Hi, welcome to our forum! Please introduce yourself. =)


#387

I’m Waldo, Minerals and Metallurgical Engineer, planing retirement, and tinkering as maker. I expect to share my learning and problem solving, trying of course to not rediscover the wheel. Hi to everybody!!!


#388

Hi Waldo

Welcome to the party. We are all having fun from newbies to experts and always learning.

Keep having fun

Doug


#389

Hi I just got my Snapmaker and love playing with it. I am an artist from Dallas, TX. Still having issues figuring out the 3D printing though. All of my prints come out like scaffolding. How do I make them solid?


#390

Wonder if you can send us the pictures of the prints. Hard to give you the suggestion base on your words.


#391

Hi @jmartin520

Can you please provide much more detail. What PC and OS are you using? If using SnapmakerJS what settings are you using? Are you using the Snapmaker supplied filament? if not what are you using.

Doug


#392

He’s made a separate post https://forum.snapmaker.com/t/prints-not-solid/4072


#393

Doug,

I cut my teeth on the 360. lol. Learned Cobol and then moved to RPG for the S/34, S/36, S/38 and then AS400. Moved onto analysis and retired two years ago. This is my first venture into 3d printing. Looks like a learning curve though.


#394

Hi all,

Nigel from Mississauga, On, Canada here. I’m a retired (well mostly - they keep calling me back which is why I could buy the Snapmaker) IT professional. My last position was an analyst in the 3PL Logistics vertical. Hobbies are the usual mundane ones like working around the house and gardening. I have been trying to learn Linux and Python and have a couple of Raspberry projects on the go.

3D printing sort of peaked my interest and my youngest daughter and I figured we could make some cool stuff .

I will warn in advance that I may ask a lot of newbie questions…


#395

Looks like there is a firmware upgrade. Should I proceed with it?


#396

Welcome. There’s a lot of good answers here already. Be sure to search before asking.
There’s a great Wiki page with lots of links to good stuff here:


#397

Generally it’s a good idea to upgrade to the latest “stable” version i.e. official download. There are also Beta downloads. I tend to wait until a bit of feedback has been generated before commiting.

Keep in mind that if upgrading the firmware, look to see if you also need to upgrade the software (Snapmakerjs) should you use it.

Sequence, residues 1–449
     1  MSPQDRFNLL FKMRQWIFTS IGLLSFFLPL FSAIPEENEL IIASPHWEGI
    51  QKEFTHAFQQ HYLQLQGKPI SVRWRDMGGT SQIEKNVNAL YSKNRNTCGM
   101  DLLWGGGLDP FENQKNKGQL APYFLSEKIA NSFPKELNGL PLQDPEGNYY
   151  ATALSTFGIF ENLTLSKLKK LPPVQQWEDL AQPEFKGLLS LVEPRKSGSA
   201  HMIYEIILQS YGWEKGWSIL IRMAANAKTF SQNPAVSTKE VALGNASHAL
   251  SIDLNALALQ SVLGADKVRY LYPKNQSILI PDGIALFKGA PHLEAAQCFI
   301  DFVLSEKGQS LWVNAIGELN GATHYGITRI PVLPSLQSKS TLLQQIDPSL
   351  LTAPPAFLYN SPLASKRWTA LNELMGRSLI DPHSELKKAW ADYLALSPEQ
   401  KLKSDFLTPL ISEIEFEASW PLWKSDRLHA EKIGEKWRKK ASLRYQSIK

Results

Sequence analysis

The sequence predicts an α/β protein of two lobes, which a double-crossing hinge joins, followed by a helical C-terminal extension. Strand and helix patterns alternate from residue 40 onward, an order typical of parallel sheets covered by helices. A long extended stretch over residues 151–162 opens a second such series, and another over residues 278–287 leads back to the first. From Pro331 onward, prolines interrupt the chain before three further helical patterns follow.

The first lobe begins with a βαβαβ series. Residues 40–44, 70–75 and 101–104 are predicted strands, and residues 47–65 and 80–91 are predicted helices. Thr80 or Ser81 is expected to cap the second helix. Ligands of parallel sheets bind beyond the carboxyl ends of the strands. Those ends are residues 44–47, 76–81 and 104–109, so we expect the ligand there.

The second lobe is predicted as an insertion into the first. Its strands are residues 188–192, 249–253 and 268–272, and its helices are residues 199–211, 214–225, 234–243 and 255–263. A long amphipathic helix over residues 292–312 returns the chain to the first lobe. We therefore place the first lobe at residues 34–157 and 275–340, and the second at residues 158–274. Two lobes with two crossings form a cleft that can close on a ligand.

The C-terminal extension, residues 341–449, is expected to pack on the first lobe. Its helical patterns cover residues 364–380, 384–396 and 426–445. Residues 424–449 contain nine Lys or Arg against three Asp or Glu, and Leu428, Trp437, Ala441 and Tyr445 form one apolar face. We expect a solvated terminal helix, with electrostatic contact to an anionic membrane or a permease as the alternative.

#398

Hi @Nigel

Nice to see other IT oldies out there. I was a total newbie to all of this. I read a lot a just jumped in. Learning is a bit of trial and error, but it you are careful, less error. It is a bit of a black art though. Make sure you look at some of the references in Snaplinks.

there are many , many great links online to gain knowledge. There are also books such as one that ordered and read. 3D Education Material

I started with simple 3D printing using the SnapmakerJS application, using Fast print…note all the parameters. print the same object again with Normal Quality, again note the parameter changes and the print with High Quality. You will soon see the use of varying parameters have a major impact. I spent a few months printing then started on the laser. The last year has been bouncing between these two modules; I have not tackled the CNC as yet.

As I learned more I wanted more, so I downloaded and used the Ultimaker CURA software which provides you with many more print options… then I want more and bought the Simplify3D application, which has numerous features. Simplify3D

It all depends on how carried away you get.

Keep having fun

Doug

I am sure you will have, I am

Doug


#399

Hi I’m Ross. I work in IT in the UK. I mainly code Python but turn my hand to whatever is needed (often thanks to Stack Overflow). I’ve waited to purchase a 3D printer. I liked the idea of the original Snapmaker, especially as buying a 3D printer is act of folly, the Snapmaker is 3 times the folly. I’ve taken the plunge with the Snapmaker 2. I want to use the time before I receive it, learning from people’s experiences with the original and becoming familiar with the software (control and design). I’ve mainly used Sketchup for 3D design but this has been used architecturally not smaller more detailed designs.


#400

Thanks Doug.

So far my biggest problem is getting the project to adhere to the heated bed. Today may be a trip to the hardware store for painter’s tape. From what I have seen that seems to help quite a few folks.
I think your reference to black art is apropos.

Nigel


#401

What type of filament are you using? and what temperatures are you using.

Calibration really is an essential part of the art. I got everyone to start using feeler gauges, much effective than paper.

As a hint until you get the hang of things use RAFT as your adhesion method. Tapes and sprays are not needed once you get the settings right and you can stop using RAFT.

Keep having fun

Doug


#402

Using the filament that came with it atm. Nozzle temp of 200 and 60 on the bed. I went and bought feeler gauges yesterday. lol


#403

Those settings are fine
As mentioned check you calibration… I use 0.05mm… don’t go any smaller than this. paper is around 0.06mm

…and use RAFT… that should get you started


#404

So this is supposed to be the snapmaker Bed Level test by Papaclaw. Poor picture quality notwithstanding, there is something rotten in the state of Denmark as Hamlet might say.
IMG_20190510_1149072


#405

what were all of your settings, temperatures , speeds etc

Do not be disheartened, it is all learning.

Be brave tackle your print again with RAFT and use Normal Quality print

Doug


#406

@Nigel

One of the nice things I did buy was a Ziflex plate for the heating bed Ziflex

This makes the removal of objects sooooo much easier

Doug